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Tuesday, April 12, 2022 10am to 11am

Science & Engineering Complex LL2.221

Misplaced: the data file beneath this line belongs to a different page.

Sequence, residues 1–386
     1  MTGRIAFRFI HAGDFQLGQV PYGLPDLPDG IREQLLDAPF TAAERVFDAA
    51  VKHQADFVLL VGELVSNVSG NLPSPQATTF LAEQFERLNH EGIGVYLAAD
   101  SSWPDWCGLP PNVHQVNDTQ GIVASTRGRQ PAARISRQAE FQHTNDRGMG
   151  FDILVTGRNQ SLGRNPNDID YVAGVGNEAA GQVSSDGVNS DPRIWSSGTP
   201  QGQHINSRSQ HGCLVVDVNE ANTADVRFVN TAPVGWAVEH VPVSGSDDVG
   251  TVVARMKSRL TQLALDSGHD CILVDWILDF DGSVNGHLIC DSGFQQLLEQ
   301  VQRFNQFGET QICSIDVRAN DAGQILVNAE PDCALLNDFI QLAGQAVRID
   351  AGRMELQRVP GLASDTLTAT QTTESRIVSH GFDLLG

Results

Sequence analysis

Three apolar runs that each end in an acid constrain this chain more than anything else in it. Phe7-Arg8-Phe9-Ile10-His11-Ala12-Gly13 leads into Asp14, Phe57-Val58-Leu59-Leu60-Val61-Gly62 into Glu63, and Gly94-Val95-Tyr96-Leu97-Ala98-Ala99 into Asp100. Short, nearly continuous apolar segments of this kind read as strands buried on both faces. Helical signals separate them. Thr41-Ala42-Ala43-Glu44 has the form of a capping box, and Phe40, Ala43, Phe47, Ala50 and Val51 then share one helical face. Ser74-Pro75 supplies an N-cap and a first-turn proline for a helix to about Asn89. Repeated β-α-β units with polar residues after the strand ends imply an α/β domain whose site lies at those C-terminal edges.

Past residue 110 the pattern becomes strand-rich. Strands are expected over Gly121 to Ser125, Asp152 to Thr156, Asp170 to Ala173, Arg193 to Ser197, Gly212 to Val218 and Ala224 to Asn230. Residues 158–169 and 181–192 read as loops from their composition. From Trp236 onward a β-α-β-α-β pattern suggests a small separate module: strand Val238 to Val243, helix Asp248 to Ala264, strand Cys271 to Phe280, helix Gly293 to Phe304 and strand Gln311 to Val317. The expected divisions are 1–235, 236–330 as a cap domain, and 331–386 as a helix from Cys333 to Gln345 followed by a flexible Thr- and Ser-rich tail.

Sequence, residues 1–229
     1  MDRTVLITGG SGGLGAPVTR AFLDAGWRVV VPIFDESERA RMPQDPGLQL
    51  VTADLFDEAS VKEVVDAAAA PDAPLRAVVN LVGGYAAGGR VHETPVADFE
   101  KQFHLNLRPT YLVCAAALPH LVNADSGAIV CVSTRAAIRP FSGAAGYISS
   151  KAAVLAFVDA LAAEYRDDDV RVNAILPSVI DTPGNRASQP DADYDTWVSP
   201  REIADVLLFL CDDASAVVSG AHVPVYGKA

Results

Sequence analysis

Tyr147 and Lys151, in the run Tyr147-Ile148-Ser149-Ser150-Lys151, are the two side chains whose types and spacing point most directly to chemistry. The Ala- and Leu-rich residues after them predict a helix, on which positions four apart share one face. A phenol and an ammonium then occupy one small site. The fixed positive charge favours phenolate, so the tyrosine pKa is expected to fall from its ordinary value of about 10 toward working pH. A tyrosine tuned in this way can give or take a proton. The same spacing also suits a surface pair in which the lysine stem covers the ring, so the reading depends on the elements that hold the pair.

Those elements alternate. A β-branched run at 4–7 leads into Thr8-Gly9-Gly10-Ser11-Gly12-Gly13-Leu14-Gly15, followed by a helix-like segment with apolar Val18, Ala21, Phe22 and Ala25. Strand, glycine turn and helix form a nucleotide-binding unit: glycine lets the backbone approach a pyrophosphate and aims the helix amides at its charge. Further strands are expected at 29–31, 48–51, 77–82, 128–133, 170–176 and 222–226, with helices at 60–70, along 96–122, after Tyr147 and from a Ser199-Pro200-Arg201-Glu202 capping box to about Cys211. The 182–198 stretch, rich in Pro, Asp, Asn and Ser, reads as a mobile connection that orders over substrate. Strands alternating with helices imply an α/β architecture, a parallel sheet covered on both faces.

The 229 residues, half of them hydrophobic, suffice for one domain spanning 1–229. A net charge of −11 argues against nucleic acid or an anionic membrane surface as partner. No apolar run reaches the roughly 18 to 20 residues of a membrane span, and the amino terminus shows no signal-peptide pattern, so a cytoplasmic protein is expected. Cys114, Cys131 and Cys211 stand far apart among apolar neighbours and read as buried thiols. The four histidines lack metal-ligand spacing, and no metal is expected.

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Social learning helps humans and animals rapidly adapt to new circumstances, coordinate with others, and drives the emergence of complex learned behaviors. What if it could do the same for AI? This talk describes how Social Reinforcement Learning in multi-agent and human-AI interactions can address fundamental issues in AI such as learning and generalization, while improving social abilities like coordination. I propose a unified method for improving coordination and communication based on causal social influence. I then demonstrate that multi-agent training can be a useful tool for improving learning and generalization. I present PAIRED, in which an adversary learns to construct training environments to maximize regret between a pair of learners, leading to the generation of a complex curriculum of environments. Agents trained with PAIRED generalize more than 20x better to unknown test environments. Ultimately, the goal of my research is to create intelligent agents that can assist humans with everyday tasks; this means leveraging social learning to interact effectively with humans. I show that learning from human social and affective cues scales more effectively than learning from manual feedback. However, it depends on accurate recognition of such cues. Therefore I discuss how to dramatically enhance the accuracy of affect detection models using personalized multi-task learning to account for inter-individual variability. Together, this work argues that Social RL is a valuable approach for developing more general, sophisticated, and cooperative AI, which is ultimately better able to serve human needs.

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